XXY in Conversation with GPL Artists, Part 1: Margie Houlston

XXY in Conversation with GPL Artists, Part 1: Margie Houlston

At the start of August, Grrrl Power Liverpool launched with their first event at Constellations, Liverpool. Spanning two days, the founders – or the grrrls – Olivia Graham, Michelle Houlston and Aoife Robinson took up and demanded space, creating their exhibition, ‘Women: Where Do You Find Yourself in the Arts?’. As part of a series of conversations, Grrrl Power Liverpool’s Michelle caught up with contributing artist, Margie Houlston, to talk space and gender inequality.

Margie Houlston’s exhibited piece, ‘Leg Room’, comprised of three digital sketches, each including three bodies: one woman sat between two men. Each of the women’s bodies were sketched with their legs spread in a non-sexual manner, while in contrast, the men’s bodies appeared moulded, with crossed limbs and slouching, to take up less space.

Michelle Houlston: Your piece ‘Leg Room’ was exhibited in the men’s toilets. Coincidentally, the notion of ‘room’ is quite fitting to The Space Issue. What was the reasoning behind placing the art specifically in a gendered space and inviting everyone in to view it?

Margie Houlston: The purpose of deliberately exhibiting my work in the men’s toilets was to create this idea of invasion of space – which, in regards to the artwork ‘Leg Room’, was just that. The notion of legs spread wide in a public area and taking up, arguably, unnecessary space, could be seen as the entitlement to that space. Inviting everyone into the men’s toilets is a playful taunt that allows women to feel entitled to be there when they essentially are not supposed to. I also, and not in any way maliciously, wanted men to feel uncomfortable in a space that they have every right to occupy. I wanted to recreate an experience I know of, and have felt myself, as a woman – being extremely uncomfortable in an environment in which I am perfectly permitted to be. I wanted this piece and its location to be both inviting and invasive.

Michelle: Your piece can be interpreted as analysing space in the arts and creative sector, but can be taken further to analyse women and space in general. Why is it important for women to take up space?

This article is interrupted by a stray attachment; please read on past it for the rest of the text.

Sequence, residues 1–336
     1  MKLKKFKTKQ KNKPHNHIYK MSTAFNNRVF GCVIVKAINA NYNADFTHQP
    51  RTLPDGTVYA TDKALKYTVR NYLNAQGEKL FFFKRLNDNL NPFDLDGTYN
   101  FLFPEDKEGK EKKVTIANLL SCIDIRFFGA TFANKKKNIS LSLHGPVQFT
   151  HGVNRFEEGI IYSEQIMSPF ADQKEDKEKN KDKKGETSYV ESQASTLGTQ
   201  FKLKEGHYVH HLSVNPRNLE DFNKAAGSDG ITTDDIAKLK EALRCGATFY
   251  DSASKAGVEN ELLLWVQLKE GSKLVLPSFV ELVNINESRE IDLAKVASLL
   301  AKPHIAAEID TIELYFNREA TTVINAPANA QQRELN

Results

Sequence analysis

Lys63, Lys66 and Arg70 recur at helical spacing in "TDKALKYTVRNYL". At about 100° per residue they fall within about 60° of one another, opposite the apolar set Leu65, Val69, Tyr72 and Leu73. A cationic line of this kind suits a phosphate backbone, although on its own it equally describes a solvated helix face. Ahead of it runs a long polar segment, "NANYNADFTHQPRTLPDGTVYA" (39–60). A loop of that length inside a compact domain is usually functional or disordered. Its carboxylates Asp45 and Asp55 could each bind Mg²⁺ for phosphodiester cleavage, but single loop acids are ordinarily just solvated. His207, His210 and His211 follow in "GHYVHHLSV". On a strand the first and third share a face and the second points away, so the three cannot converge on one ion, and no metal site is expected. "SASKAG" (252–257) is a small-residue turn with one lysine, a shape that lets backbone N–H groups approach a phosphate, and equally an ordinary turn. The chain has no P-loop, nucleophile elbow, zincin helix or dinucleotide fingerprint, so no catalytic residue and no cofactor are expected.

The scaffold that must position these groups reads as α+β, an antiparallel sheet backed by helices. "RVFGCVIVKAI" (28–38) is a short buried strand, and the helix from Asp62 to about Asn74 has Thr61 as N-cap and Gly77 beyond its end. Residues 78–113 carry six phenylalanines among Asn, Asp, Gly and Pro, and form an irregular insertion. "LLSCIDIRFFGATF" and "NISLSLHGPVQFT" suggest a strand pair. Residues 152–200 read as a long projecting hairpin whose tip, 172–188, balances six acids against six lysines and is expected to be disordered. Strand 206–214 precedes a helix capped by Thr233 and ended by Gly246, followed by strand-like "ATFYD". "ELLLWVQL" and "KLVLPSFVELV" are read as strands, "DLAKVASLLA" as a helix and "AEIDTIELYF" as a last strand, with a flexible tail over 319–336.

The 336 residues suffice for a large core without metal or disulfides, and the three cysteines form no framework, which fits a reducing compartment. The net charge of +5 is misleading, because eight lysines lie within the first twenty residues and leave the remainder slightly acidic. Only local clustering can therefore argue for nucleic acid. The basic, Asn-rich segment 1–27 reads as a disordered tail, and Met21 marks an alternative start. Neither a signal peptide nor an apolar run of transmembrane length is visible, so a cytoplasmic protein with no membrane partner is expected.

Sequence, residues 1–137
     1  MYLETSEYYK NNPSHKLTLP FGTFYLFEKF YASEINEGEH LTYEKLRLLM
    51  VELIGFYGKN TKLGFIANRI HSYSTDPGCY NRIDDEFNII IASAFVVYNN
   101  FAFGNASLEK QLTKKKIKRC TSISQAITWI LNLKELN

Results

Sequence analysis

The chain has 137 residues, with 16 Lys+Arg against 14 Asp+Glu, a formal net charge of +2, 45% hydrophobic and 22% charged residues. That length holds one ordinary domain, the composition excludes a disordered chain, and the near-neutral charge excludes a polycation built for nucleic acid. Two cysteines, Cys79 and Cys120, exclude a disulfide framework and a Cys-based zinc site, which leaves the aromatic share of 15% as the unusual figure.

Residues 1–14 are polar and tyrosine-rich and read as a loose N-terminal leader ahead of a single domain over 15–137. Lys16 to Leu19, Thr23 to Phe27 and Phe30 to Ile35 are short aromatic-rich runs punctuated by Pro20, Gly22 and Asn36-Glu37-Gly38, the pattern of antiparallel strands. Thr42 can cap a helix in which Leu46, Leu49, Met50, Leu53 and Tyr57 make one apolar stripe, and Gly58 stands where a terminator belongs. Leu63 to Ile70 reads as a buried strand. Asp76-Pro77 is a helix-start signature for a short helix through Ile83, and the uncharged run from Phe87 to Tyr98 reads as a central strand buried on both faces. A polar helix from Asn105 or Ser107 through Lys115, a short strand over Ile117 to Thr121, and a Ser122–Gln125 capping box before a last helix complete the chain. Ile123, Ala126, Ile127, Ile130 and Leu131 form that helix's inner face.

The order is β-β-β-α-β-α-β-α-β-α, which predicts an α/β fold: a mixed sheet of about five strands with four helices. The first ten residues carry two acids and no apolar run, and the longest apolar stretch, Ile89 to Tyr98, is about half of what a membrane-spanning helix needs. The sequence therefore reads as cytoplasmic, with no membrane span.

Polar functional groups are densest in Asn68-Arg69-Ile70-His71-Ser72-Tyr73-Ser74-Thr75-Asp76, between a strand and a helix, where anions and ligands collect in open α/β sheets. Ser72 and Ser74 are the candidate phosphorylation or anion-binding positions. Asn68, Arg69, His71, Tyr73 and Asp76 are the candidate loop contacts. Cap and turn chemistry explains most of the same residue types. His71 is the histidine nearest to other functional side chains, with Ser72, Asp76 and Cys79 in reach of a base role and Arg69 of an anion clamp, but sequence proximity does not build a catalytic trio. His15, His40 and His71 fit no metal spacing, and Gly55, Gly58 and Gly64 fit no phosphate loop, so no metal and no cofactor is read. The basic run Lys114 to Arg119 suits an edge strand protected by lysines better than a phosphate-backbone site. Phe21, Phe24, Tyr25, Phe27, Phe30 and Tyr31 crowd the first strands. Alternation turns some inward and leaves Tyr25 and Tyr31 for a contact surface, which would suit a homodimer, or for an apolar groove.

Margie: If we continue to stay confined to allotted spaces, then I believe women will never truly feel comfortable within themselves. I am not saying that literally spreading your legs whilst on public transport will transform you into a confident woman and allow you to feel comfortable in your own skin. However, when women take up space, they are admitting they belong there, with no guilt or uncertainty. It is very important that women start and continue to take up, create and dominate spaces, for girls in the future to never doubt that they, too, are entitled to that space.

Michelle: Grrrl Power Liverpool’s call out to self-identified women artists was to respond to the question, ‘Women: Where Do You Find Yourself In The Arts?’  Your answer, and artwork, tells us you find a lack of space for yourself and women in general. After the exhibition, do you feel like anything about your answer has changed?

Margie: No, I still stand by my response to the question. Even more so after attending the ‘Women of Colour: Where Do You Find Yourself in the Arts?’ discussion and hearing of different stories that women experience every day. It reminded me that it is real. The exclusion of women in many creative sectors is real. And my response, to take up space, stands.  

 

Written by Michelle Houlston,

Contributor

Visuals by Margie Houlston

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